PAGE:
Working with Data: Interview #9

CC0 Public Domain

What does it mean to become ‘data literate’? Where do you start and how can you use data within your work and projects? To explore these questions, we would like to introduce some of our community members and data activists from around the world, who ended up working with data at some point in their lives. We were curious about how they actually got started and - looking back now - what they would recommend to data newbies.   Each month we will publish a new interview, this is no. #9. Got feedback? Have questions? Feel free to get in touch: info@datenschule.de

Who: Ttcat, Working for the open culture foundation & active in g0v
Topics: open data, inclusion and transparency
Tweets: @TTCATz

Hi Ttcat, please introduce yourself:

I started working for the international program of the open-culture foundation approximately one year ago. The foundation is based in Taipei and backs a lot of different movements in the open data community. I am especially focussing on topics such as open data and civic tech development.

How is the state of governmental transparency in your country?

It is quite advanced in Taiwan. We have an open information law which states that governmental data that is not classified should be open by default. A lot of local governments and governmental departments publish data in PDF or XML-files on their websites. But we currently do not have a proper open data law. Right now we are trying to advance the open information law, because it doesn’t specify important aspects such as: how data should be published and how it should be maintained. So in theory it is good, but reality is quite different. Sometimes data which could put government officials or big corporations in a bad light is not released. On the other hand, there is a rather lax handling of citizen data. For example, our universal health care administration keeps a large database of its citizens. Although anonymized, this data is used for academic research without asking the individuals for consent. In general, civil society engagement focuses a lot on transparency and mostly on governmental decision making processes, because that is neither open nor transparent.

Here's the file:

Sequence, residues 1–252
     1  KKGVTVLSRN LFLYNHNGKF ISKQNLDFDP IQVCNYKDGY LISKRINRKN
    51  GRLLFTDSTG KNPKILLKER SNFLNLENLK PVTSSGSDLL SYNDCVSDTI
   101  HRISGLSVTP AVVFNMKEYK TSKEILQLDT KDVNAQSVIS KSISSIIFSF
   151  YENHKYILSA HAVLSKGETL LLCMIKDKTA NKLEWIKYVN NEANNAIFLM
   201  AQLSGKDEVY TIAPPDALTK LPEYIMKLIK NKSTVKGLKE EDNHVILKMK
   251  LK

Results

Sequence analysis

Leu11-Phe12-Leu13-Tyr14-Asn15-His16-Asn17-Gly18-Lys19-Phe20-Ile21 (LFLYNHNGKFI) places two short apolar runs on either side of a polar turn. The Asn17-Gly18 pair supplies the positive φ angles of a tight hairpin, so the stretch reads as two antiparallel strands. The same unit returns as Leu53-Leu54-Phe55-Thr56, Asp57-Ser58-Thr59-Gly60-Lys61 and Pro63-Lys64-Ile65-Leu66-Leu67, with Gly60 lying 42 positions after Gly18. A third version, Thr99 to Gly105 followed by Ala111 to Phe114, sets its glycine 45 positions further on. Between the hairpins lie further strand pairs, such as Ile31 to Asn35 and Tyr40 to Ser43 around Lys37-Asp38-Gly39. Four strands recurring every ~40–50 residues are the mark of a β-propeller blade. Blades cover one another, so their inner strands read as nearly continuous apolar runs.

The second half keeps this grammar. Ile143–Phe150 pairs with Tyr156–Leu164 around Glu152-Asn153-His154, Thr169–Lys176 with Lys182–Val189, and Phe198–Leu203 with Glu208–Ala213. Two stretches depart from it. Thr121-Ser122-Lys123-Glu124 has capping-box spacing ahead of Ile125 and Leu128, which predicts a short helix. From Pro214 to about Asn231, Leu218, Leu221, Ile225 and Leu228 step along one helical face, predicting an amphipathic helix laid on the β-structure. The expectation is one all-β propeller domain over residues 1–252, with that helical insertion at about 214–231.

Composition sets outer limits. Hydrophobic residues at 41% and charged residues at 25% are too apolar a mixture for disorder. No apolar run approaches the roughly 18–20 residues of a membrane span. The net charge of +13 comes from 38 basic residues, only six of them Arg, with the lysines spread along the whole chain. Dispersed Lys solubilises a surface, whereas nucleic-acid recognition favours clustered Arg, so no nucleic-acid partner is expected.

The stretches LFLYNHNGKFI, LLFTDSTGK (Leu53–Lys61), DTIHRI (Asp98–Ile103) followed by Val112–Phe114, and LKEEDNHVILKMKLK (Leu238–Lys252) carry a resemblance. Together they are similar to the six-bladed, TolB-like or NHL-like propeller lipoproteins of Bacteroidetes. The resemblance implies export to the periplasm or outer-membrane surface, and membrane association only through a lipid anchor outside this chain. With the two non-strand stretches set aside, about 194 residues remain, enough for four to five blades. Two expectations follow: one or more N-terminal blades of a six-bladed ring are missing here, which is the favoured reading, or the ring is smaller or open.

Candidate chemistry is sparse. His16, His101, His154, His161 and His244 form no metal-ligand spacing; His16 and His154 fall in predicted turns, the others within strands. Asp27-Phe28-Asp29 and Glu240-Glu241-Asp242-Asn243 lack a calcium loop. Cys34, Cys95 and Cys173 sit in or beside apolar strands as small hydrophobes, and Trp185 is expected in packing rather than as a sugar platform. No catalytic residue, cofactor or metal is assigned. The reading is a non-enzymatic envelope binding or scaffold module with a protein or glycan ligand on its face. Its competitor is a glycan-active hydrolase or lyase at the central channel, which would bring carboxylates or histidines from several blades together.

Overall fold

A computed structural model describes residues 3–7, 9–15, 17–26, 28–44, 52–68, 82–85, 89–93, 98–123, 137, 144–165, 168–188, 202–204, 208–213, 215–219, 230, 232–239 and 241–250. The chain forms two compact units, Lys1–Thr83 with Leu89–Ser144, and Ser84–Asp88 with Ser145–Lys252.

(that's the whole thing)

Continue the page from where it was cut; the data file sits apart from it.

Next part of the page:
When was the first time, when you came across data, when did you start to use data in your work?

I have been coding a bit for the last ten years but not on a high level. Actually I wasn’t very familiar with terms like “data-analysts” or “data-driven-journalism” before becoming active for g0v. In our first project in 2013 we did an open source budget visualisation of the Taiwan government. Three years later the city of Taipei forked this project and used it to publish their official data. Before that we had to scrape the information from their PDF-files.

Is the use of open Data a common thing in the civil society of Taiwan?

Yes, it is actually. We organised a small civic tech grant for civil society organisation in Taiwan. In the end we found six organisations which use open Data or try to promote the usage of open data in their projects. To give you another example of a data-driven project. I previously worked for an environmental protection organisation. They recently set up a website where you can research air pollution records of factories in Taiwan.

What does data literacy mean to you and is it going to be important?

Yes, I think it is going to be very important. All projects like the air-pollution map or the budget visualization have to deal with one question: Who is the user and how is he going to interact with a data-visualization or an app. Is he going to understand the information presented to him? The user needs the right competencies in order to understand data-driven stories correctly.

If someone is interested in working with data, what would be your advice, where to start?

Start with something you really care about and which you have a passion for. Maybe an issue you have been thinking for a while and which is important for your own community.